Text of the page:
Monday, October 30, 2017

The wonder of the tundra #3: Adventures in the book trade

Wait, what? Five days after the nominal date for arriving on the shelves ($140 reduced 15% to $119), a book remains unavailable from the publisher or the usual on-line sources... but Tundra Books can provide a second-hand copy marked down to £282. Perhaps on-demand publication has advanced to the stage of printing used copies.

The book-shaped artefact in question was to have been the subject of a footnote or an Updatage to a recent Riddled episode, but TL;DW. It is totally a sober, balanced weighing of evidence and not a regurging of stovepiped antivax mendacity, despite the second editor's tendency to regard vaccines as the modern equivalent of the Holocaust.
Library pixies ejecting an unwanted book
The Riddled staff are wondering about the market sector that Elsevier thought they were targetting. It may be that they were under the impression that they were handling a scholarly compilation of recent advances on a topic of academic contention, rife with vying researchers who would be queuing for their copies -- or urging university libraries to acquire them. The Riddled library pixies were scornful of this suggestion. $119 is a lot to pay for a 480-page trade paperback with a shiny cover, which is to say an overpriced airport novel. Even if Controversies in Vaccine Safety had included ten detailed exegeses of the intellectual debate, it would still be plenty to pay for a ten-gloss battle.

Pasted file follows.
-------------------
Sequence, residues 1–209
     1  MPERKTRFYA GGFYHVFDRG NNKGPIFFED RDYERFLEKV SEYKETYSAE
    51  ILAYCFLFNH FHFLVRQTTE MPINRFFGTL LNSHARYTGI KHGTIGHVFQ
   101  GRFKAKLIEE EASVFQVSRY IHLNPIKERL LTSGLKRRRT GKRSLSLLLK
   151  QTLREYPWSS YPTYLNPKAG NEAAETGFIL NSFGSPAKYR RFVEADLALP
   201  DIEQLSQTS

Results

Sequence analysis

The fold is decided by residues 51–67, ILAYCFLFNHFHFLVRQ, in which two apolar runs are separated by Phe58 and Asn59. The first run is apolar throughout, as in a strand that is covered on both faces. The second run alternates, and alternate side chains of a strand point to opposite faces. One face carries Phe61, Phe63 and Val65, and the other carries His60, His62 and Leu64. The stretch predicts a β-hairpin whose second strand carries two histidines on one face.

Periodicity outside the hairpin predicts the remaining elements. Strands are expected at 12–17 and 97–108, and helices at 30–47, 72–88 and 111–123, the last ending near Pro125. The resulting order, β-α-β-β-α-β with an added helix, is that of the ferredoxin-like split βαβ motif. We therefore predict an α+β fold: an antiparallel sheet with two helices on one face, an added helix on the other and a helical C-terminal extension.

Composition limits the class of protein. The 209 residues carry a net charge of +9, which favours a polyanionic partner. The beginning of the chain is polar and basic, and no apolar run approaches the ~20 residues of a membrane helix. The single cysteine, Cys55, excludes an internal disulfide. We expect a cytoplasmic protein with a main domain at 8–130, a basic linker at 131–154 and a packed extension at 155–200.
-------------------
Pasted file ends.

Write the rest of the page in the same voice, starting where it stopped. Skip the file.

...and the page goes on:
A due Diligence
Due diligence would have disabused Elsevier of that notion. Contributors to the tome include Vinu Arumugham (on "Vaccine Induced Allergies") whose scholarly credentials consist of falsely presenting himself as a med. student, and paying the egregious shitweasels at OMICS to place on-line one of his essays in cherry-picking. Other, similar exercises are self-published -- if that is the correct term for "listed at Researchgate".